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On Turning Around In Grand Teton National Park - Women in the Mountains

As my bare hand sunk in the snow for the fifth time to catch my fall, I felt the warm tears start to build in the wells of my eyes. I looked up and saw Jake and Ben 50 yards ahead of me and shouted that I’m ok. Again. I pulled my goggles over my eyes to hide the embarrassing tears, I stood up, and I kept walking.

It was the worst ski touring conditions I’d ever experienced in my life. Steep switchbacks with a ice crust layer under 3 inches of fresh snow. I was nearly impossible to stick my edges in. I squeezed every muscle in my body with every step I took just to keep myself from tumbling down the mountain.

I knew this day was going to be difficult. I’d had that feeling in stomach and chest for two days. You know that feeling? When you are about to do something that scares the shit out of you? Yeah. That feeling only disappeared for the moments when I was so focused on staying upright in the skin track that I couldn’t think about anything else.

“Ok, one more switchback then rest,” I thought to myself. Shit. It was an icy one.

I stepped my right ski far above my left and lifted my left ski and turned it to face the direction of the new switchback. I was in a backwards pizza. (If you’ve ever ski toured, you know what I’m saying!) With my hands gripping my poles hard and my upper half bent over my tips I threw my body weight from one unsecure ski to the other and swung my right ski to meet my left.

It wasn’t pretty. But I was getting it done.

“It’s going to get better here in a bit,” Jake said. “Whether it’s in 5 minutes or 30 I don’t know but I promise it will get better.”

“Yeah!” Ben said. “These conditions are so shitty, you’re doing great Les.”

I mustered a smile, cracked some joke about how bad I suck at this, and thanked them for waiting on me. They had no idea how much their encouraging words helped me keep going.

The goal? Apocalypse Couloir.

3,500 feet of steep couloir that you can’t really see the conditions of until you’re in it. There’s 2 to 4 rappels (depending of your level of badassery/knowledge) just to get into it, and a crux three fourths of the way down that is often rappelled as well.  This couloir is normally not skied early season, as they say, and early  snow pack is a bad snow pack.  But this year has been different.  The snowpack was showing similar stability to what you'd see in the spring— that doesn't happen very often.  

Apocalypse is everything that scares me. That’s why it's my goal.

I tend to overthink things and let my fears get the best of me. I’m a good skier. And I want to be a ski mountaineer. In order to do that I need to get over my fears and gain the confidence I need to achieve my big mountain goals.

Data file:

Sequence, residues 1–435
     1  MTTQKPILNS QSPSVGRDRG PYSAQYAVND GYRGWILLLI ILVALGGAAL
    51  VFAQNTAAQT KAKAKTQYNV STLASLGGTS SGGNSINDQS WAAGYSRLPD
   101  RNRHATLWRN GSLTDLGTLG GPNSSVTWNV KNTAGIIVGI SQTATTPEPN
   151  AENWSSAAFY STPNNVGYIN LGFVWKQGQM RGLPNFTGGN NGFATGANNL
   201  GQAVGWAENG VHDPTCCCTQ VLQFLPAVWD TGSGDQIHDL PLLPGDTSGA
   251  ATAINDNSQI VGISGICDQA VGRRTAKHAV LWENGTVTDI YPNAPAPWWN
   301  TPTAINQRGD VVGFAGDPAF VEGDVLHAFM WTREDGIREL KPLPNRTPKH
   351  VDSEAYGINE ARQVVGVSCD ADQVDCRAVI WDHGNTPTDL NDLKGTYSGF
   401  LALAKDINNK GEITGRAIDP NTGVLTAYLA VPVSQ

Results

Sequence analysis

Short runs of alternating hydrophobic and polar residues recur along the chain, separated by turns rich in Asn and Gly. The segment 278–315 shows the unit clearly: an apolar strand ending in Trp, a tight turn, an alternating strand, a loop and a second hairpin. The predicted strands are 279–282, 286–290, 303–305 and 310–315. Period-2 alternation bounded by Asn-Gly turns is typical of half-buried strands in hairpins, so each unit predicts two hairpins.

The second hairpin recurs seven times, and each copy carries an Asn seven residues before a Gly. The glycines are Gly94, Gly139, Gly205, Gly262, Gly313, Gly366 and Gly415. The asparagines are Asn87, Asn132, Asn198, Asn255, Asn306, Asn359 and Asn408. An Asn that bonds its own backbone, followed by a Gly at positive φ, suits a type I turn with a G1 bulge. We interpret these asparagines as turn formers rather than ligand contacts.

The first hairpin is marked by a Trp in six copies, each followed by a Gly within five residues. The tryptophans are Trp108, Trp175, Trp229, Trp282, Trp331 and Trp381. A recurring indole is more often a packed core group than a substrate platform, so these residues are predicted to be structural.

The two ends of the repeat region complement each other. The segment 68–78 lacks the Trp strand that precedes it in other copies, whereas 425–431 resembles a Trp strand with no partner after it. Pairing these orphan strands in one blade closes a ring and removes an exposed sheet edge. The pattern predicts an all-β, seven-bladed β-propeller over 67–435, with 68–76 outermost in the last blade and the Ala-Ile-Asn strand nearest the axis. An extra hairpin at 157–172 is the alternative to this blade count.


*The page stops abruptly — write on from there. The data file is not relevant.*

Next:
After 8 hours of ski touring from hell I approached the top of Prospectors Peak. Jake was sitting on his pack on the phone. We were at the entrance of The Son of Apocalypse, the couloir next to Apocalypse where we planned to assess the snow pack and dig a pit.

I peered over the edge into the couloir and saw that it was wind-loaded. I looked up and noticed that what was supposed to be a blue bird afternoon had turned into a low-vis day. I shoved my pole into the snow, there had to be at least 3 inches of fresh, probably more like 5 in Apocalypse. I looked over at Ben and saw the same realization in his face.  We may have missed our window.  

“Ok, I’ll take that into consideration,” Jake said. “Ok. Ok. See ya.”

“Who was that?” I asked

“That was Laura,” he said. “She said she just talked to a friend of ours and he said he doesn’t think we should ski it. Five inches is a lot of snow to be moving around in such a tight couloir.”

From that point on, our confidence plummeted. From what we saw the snowpack was solid, but there were to many maybes. What if there’s too much snow? What if it’s wind-loaded? And we couldn’t see anything.

We continued to the entrance of Apocalypse. Just to see. Because we weren’t ready to turn around yet.

Jake poked around to find the entrance and Ben and I took cover next to some rocks. I sat trying to decipher if I was just scared or if this was really dangerous. Was I just over thinking this? Was I trying to get out of something that scared me? Or was I making the smart call? Ben assured me that he felt the same way. And when Jake got back his uncertainty was pretty clear as well.

We were all uncertain. And maybe that’s the main reason we turned back.

All in all I feel really good about our decision. There are always going to be uncertainties but that day there were too many.  I did learn a few things. I learned that Jake and Ben are awesome partners and helped me through the hard parts without judgement. I learned that skiing something like Apocalypse might take me a couple tries, maybe even a couple of years. And I learned that despite how shitty a lot of that day was, I'm addicted to skiing in the Tetons. The snow is unreal.

P.S. at the end of the day, we did get a 4,000 powder run. Not bad way to bail.  

From The Column: Women in the Mountains

Great post Leslie. Turning around (and being proud to have done it) is an accomplishment. Sweet photos too - I dig the black and white!

Love it. Good call!

Respect for honesty and the sharing of thought processes

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